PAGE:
What kind of energy savings are we looking at with this chip?
This varies depending on exactly where one is using the chips, at what temperatures they’re operating, and a number of other factors, but as a rule of thumb, you’re looking at savings of 5% to 10%. This is what we’ve been told by a number of industrial companies with whom we’re working. Likewise, the US Department of Energy estimates that using 20% efficient devices in automobiles would result in a 10% improvement in fuel economy. Of course, how much these percentage savings represent in financial terms will vary wildly depending on the application.
What more needs to be done on this project in order to complete its development?
In terms of the technology development, we are already at a stage where we believe there are significant potential markets and customers – we simply need more funding so that we are able to purchase the equipment and hire the personnel to ramp up our activity and serve those markets. Having said that, while we transfer to manufacturing, we will also continue the core technology development to improve the efficiency of our chips, and ultimately develop chips in different materials that will enable us to serve a wider market.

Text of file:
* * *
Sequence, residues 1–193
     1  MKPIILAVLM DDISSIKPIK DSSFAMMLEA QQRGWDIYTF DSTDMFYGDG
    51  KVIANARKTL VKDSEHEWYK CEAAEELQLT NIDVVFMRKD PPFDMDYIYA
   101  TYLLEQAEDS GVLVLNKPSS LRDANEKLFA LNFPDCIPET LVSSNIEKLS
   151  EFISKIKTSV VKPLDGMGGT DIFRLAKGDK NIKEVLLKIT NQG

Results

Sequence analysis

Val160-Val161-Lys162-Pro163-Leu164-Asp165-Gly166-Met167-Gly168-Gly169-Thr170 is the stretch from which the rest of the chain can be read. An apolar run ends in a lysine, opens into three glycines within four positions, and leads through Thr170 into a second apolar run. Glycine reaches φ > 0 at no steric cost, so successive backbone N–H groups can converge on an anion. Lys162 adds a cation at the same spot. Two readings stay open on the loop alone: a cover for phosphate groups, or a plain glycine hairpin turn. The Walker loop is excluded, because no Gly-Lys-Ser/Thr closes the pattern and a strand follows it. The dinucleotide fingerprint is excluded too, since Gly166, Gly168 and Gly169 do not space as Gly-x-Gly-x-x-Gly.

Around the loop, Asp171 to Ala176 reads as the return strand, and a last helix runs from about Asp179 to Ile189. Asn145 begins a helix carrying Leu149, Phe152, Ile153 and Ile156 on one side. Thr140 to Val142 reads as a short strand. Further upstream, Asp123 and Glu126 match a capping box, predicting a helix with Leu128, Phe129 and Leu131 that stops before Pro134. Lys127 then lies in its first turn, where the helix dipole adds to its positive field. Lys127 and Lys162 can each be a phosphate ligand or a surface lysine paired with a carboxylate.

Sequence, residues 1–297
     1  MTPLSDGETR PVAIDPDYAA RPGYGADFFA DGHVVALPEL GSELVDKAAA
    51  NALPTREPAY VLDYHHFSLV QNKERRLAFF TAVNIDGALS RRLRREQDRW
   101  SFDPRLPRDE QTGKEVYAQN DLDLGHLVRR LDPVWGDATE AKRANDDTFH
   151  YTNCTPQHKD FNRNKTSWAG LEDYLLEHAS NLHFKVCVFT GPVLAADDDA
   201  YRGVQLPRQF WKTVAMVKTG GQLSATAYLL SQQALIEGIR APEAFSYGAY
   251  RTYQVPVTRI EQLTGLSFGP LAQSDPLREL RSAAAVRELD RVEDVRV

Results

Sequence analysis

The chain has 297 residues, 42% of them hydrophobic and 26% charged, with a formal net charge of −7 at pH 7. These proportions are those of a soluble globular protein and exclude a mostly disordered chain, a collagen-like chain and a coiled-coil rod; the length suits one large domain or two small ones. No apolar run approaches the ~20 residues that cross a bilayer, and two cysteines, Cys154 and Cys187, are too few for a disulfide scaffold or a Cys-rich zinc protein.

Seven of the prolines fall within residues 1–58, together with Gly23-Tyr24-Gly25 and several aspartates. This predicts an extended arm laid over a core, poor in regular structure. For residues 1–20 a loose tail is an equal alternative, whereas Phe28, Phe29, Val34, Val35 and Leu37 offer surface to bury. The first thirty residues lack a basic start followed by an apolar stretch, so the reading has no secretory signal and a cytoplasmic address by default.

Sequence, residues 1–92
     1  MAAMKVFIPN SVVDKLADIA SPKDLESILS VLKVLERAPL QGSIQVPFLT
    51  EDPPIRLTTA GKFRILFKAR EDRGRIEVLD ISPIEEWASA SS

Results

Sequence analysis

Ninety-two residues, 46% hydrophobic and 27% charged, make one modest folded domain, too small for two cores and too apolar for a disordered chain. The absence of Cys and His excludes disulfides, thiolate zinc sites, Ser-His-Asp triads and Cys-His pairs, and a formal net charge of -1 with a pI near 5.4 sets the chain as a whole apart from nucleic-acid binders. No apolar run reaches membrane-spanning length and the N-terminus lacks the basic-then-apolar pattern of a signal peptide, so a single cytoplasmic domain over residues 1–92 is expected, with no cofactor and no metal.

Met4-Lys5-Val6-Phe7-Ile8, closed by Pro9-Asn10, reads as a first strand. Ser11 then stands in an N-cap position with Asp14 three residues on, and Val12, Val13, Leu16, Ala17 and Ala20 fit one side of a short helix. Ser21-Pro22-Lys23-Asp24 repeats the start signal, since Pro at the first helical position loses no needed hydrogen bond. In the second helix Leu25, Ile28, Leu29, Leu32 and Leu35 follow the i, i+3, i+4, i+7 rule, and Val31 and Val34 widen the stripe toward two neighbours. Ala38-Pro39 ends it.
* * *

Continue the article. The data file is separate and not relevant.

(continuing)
Have you an expected completion date for the project?
We expect to be in early manufacturing by the end of 2013, but as stated above, the core technology development project will be on-going.
What market sectors/applications are best suited to this product?
There are many potential applications (see www.micropower-global.com/markets) but the largest and most exciting area is waste heat recovery in the industrial and transportation sectors.
Are any other companies involved in this kind of research?
Yes, there are quite a few companies engaged in advanced thermoelectric research – both the established thermoelectric outfits who have existing low-efficiency products, and a number of start-ups. Of course, we don’t know exactly what stage all of them have reached, but, to our knowledge, none are close to market with devices approaching the level of efficiency we have achieved. This is supported by our interactions with customers and potential customers, particularly in the automotive sector, where lots of engineering work has already been done on incorporating thermoelectric devices into vehicles, but the efficiency of the thermoelectric material being used is still very low and is causing the expected introduction of such devices to be significantly delayed.
How will this help to revolutionise the energy sector?
Revolutionise is perhaps too strong a word, but if every heat engine in the world – every power plant, industrial plant, car, plane, etc. – could be made 10% more energy efficient, it would save an enormous amount of money and fuel – the latter being crucial as it would enable us to make better use of the limited resources we currently have at our disposal. This could play a crucial role in giving alternative forms of energy – solar, wind, geothermal, etc. – more time to develop and become commercially viable by the time we really do start running out of fossil fuels.